Remember when, inspired by Sam Harris’s TED talk, we debated whether you could derive “ought” (morality) from “is” (science)? That was fun. But both my original post and the followup were more or less dashed off, and I never did give a careful explanation of why I didn’t think it was possible. So once more into the breach, what do you say? (See also Harris’s response, and his FAQ. On the other side, see Fionn’s comment at Project Reason, Jim at Apple Eaters, and Joshua Rosenau.)
I’m going to give the basic argument first, then litter the bottom of the post with various disclaimers and elaborations. And I want to start with a hopefully non-controversial statement about what science is. Namely: science deals with empirical reality — with what happens in the world. (I.e. what “is.”) Two scientific theories may disagree in some way — “the observable universe began in a hot, dense state about 14 billion years ago” vs. “the universe has always existed at more or less the present temperature and density.” Whenever that happens, we can always imagine some sort of experiment or observation that would let us decide which one is right. The observation might be difficult or even impossible to carry out, but we can always imagine what it would entail. (Statements about the contents of the Great Library of Alexandria are perfectly empirical, even if we can’t actually go back in time to look at them.) If you have a dispute that cannot in principle be decided by recourse to observable facts about the world, your dispute is not one of science.
With that in mind, let’s think about morality. What would it mean to have a science of morality? I think it would look have to look something like this:
Human beings seek to maximize something we choose to call “well-being” (although it might be called “utility” or “happiness” or “flourishing” or something else). The amount of well-being in a single person is a function of what is happening in that person’s brain, or at least in their body as a whole. That function can in principle be empirically measured. The total amount of well-being is a function of what happens in all of the human brains in the world, which again can in principle be measured. The job of morality is to specify what that function is, measure it, and derive conditions in the world under which it is maximized.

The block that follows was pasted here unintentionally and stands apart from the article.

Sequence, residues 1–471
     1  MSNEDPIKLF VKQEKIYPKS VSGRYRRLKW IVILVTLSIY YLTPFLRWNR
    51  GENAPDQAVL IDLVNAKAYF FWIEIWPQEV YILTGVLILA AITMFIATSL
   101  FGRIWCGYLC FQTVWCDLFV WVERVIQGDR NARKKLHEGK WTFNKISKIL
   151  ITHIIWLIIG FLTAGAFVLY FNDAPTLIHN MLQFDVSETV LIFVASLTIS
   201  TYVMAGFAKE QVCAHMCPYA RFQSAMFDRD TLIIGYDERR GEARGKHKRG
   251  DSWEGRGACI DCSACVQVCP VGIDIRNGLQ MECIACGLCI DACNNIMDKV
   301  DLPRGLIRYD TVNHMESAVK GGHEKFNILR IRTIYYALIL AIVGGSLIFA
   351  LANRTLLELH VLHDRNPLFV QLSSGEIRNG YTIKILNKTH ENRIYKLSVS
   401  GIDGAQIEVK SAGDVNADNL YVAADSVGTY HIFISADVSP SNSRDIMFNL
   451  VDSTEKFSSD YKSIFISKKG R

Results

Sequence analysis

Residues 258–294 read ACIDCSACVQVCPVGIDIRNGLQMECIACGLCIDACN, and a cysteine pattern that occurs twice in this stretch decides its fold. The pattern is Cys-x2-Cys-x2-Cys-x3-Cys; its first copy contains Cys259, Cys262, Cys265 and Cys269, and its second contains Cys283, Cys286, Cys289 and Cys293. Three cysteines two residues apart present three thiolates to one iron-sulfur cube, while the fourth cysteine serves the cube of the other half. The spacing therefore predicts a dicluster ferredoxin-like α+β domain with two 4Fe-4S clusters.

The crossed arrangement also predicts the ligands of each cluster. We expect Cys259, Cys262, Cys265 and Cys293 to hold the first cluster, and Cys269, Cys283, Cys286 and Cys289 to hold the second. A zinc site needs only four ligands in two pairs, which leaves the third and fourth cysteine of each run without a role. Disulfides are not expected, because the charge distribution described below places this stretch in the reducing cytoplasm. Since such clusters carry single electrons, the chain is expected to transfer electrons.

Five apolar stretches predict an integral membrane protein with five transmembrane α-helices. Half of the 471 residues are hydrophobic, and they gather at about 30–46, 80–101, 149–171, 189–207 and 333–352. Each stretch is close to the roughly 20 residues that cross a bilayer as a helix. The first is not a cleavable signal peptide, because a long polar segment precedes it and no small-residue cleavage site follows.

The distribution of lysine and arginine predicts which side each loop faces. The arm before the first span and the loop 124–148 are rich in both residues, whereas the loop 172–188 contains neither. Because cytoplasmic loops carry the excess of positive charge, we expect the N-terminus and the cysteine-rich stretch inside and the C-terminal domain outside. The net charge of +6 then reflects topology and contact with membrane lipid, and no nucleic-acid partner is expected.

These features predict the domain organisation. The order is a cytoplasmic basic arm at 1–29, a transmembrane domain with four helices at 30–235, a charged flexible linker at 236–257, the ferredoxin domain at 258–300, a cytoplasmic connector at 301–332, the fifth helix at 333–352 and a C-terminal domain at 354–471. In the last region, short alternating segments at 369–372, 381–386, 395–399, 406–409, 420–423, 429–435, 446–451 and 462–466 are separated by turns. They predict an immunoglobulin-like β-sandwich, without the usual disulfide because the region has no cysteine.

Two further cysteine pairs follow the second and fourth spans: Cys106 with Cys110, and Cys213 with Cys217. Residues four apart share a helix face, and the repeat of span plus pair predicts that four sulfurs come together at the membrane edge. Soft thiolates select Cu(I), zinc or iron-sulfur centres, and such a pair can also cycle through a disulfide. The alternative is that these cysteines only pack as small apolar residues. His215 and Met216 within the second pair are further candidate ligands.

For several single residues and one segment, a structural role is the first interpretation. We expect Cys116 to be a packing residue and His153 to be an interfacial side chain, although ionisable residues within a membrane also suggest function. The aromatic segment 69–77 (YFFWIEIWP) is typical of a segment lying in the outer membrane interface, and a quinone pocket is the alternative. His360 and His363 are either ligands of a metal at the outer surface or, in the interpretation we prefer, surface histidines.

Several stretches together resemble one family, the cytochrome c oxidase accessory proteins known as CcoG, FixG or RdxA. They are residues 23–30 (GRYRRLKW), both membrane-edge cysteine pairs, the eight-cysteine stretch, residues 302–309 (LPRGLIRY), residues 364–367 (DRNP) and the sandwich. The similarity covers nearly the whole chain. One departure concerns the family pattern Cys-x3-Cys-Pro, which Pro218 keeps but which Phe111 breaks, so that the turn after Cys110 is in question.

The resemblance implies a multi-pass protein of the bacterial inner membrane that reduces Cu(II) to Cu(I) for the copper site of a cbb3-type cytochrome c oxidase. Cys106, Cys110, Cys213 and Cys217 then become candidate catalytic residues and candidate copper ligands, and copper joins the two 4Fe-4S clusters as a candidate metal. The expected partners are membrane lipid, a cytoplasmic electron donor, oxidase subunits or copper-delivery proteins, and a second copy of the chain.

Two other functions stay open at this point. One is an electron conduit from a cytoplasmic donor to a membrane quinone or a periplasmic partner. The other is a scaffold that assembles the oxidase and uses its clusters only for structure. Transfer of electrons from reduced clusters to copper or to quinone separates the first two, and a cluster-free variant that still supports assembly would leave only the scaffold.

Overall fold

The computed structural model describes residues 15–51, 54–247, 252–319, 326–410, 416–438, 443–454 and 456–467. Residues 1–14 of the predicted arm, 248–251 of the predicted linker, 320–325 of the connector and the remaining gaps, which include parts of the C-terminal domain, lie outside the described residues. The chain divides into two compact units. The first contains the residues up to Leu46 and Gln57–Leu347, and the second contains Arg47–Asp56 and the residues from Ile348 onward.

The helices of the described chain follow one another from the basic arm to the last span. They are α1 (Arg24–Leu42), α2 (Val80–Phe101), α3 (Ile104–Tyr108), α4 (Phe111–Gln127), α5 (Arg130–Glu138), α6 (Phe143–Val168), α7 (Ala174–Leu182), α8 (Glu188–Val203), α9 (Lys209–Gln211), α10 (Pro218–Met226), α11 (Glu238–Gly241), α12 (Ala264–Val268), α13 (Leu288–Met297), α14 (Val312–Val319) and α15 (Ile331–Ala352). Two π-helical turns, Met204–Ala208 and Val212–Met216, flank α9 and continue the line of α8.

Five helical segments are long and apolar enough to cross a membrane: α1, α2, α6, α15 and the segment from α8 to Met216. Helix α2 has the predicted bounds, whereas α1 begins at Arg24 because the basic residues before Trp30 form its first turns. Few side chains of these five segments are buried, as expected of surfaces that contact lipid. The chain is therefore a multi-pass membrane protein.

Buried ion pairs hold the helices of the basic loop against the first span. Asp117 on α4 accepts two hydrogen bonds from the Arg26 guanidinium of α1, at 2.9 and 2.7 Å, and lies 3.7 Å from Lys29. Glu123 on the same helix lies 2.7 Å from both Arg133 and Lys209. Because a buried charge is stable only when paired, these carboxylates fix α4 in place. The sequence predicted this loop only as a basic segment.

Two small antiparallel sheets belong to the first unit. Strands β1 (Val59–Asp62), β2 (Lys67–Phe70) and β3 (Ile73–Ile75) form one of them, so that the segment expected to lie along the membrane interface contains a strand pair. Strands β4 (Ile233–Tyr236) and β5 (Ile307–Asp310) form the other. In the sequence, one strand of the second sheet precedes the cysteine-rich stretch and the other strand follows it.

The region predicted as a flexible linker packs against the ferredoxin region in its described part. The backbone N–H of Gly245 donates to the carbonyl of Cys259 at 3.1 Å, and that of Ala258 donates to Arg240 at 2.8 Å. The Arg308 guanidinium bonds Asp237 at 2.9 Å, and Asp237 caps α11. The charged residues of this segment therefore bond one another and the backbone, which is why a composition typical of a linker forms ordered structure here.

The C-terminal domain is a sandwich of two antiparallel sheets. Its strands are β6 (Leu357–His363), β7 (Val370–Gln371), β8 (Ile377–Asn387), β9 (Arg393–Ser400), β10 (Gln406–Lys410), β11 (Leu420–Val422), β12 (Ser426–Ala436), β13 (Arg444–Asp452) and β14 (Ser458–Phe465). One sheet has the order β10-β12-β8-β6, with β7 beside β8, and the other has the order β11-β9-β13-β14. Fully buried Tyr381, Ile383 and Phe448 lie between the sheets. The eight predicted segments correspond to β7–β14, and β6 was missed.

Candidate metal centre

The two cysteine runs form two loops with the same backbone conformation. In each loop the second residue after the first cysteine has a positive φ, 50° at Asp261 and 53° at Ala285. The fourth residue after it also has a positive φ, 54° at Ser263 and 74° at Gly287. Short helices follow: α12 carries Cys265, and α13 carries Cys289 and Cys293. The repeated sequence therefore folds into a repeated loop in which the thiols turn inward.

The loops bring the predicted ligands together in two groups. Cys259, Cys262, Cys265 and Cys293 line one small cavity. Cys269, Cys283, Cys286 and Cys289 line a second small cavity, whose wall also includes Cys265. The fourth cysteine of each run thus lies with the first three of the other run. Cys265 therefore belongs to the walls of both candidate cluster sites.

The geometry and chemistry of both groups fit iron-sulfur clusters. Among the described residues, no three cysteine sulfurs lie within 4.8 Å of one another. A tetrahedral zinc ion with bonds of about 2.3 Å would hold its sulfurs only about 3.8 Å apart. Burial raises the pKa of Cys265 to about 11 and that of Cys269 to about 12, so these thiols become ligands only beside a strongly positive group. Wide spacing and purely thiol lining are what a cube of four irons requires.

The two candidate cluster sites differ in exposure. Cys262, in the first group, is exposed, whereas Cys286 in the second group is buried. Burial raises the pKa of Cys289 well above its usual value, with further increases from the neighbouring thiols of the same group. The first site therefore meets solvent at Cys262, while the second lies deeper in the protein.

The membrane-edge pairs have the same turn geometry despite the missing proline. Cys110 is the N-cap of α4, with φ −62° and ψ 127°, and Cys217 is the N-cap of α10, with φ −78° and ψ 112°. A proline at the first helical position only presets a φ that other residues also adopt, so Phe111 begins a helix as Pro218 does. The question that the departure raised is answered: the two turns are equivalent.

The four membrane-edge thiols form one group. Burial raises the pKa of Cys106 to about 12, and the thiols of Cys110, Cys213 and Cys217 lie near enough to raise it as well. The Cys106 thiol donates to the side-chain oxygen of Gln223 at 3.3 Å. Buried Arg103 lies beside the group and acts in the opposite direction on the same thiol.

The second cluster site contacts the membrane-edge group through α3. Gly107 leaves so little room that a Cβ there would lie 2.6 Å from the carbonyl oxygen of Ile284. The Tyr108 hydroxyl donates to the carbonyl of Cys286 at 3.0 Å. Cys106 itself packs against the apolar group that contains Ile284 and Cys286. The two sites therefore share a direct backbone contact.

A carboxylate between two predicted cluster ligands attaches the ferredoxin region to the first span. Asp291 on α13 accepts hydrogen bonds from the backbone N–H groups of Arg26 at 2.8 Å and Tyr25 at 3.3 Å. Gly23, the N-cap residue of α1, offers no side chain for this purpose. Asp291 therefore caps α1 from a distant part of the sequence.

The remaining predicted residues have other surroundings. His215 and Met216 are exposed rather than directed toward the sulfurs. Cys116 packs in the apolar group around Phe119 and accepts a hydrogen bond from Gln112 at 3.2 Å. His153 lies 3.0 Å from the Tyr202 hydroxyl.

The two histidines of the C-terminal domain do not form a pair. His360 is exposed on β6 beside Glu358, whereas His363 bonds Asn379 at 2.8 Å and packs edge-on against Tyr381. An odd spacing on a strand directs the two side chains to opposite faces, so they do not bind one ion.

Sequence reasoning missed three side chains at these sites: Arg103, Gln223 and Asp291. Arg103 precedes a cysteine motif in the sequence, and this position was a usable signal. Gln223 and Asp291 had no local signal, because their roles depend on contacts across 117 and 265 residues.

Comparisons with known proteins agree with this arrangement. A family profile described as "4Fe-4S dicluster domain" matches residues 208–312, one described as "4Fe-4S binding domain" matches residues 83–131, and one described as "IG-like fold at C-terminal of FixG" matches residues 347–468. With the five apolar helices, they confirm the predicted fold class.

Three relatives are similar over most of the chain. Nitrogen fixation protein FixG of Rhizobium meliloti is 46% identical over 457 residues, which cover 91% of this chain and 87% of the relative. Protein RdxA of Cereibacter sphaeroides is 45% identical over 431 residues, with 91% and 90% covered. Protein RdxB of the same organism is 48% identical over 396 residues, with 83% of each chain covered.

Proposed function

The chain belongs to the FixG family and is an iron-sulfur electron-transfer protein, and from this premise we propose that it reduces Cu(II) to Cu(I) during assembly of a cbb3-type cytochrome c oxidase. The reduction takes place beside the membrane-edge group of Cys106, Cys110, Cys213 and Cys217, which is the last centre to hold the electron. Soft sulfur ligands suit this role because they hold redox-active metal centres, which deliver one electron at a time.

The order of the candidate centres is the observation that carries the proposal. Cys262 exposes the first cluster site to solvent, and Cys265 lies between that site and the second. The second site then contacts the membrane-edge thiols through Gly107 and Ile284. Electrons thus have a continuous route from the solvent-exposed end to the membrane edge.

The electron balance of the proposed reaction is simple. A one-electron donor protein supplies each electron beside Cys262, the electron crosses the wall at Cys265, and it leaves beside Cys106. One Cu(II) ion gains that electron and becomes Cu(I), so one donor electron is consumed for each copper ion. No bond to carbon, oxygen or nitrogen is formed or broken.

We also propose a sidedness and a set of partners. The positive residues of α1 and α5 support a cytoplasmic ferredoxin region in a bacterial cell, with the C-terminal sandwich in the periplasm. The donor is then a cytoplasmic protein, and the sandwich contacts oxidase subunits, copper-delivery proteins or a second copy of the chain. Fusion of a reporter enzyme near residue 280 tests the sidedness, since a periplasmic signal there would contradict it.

All this talk of maximizing functions isn’t meant to lampoon the project of grounding morality on science; it’s simply taking it seriously. Casting morality as a maximization problem might seem overly restrictive at first glance, but the procedure can potentially account for a wide variety of approaches. A libertarian might want to maximize a feeling of personal freedom, while a traditional utilitarian might want to maximize some version of happiness. The point is simply that the goal of morality should be to create certain conditions that are, in principle, directly measurable by empirical means. (If that’s not the point, it’s not science.)
Nevertheless, I want to argue that this program is simply not possible. I’m not saying it would be difficult — I’m saying it’s impossible in principle. Morality is not part of science, however much we would like it to be. There are a large number of arguments one could advance for in support of this claim, but I’ll stick to three.
1. There’s no single definition of well-being.
People disagree about what really constitutes “well-being” (or whatever it is you think they should be maximizing). This is so perfectly obvious, it’s hard to know what to defend. Anyone who wants to argue that we can ground morality on a scientific basis has to jump through some hoops.